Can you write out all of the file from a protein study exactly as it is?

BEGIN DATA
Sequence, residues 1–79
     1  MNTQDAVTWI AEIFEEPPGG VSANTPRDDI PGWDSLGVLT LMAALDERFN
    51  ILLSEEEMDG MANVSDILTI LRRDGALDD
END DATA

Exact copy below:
Sequence, residues 1–79
     1  MNTQDAVTWI AEIFEEPPGG VSANTPRDDI PGWDSLGVLT LMAALDERFN
    51  ILLSEEEMDG MANVSDILTI LRRDGALDD